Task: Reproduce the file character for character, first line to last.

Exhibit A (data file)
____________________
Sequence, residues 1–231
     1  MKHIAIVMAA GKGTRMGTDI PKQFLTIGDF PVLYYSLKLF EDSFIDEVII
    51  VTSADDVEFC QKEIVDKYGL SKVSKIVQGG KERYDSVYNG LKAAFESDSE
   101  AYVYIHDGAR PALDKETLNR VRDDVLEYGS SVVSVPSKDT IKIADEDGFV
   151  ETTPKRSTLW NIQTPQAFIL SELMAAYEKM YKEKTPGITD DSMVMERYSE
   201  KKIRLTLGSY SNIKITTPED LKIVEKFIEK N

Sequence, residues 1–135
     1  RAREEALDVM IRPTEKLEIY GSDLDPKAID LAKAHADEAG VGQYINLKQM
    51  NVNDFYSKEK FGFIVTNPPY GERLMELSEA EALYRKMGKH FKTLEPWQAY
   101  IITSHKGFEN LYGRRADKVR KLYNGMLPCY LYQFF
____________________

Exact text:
Sequence, residues 1–231
     1  MKHIAIVMAA GKGTRMGTDI PKQFLTIGDF PVLYYSLKLF EDSFIDEVII
    51  VTSADDVEFC QKEIVDKYGL SKVSKIVQGG KERYDSVYNG LKAAFESDSE
   101  AYVYIHDGAR PALDKETLNR VRDDVLEYGS SVVSVPSKDT IKIADEDGFV
   151  ETTPKRSTLW NIQTPQAFIL SELMAAYEKM YKEKTPGITD DSMVMERYSE
   201  KKIRLTLGSY SNIKITTPED LKIVEKFIEK N

Sequence, residues 1–135
     1  RAREEALDVM IRPTEKLEIY GSDLDPKAID LAKAHADEAG VGQYINLKQM
    51  NVNDFYSKEK FGFIVTNPPY GERLMELSEA EALYRKMGKH FKTLEPWQAY
   101  IITSHKGFEN LYGRRADKVR KLYNGMLPCY LYQFF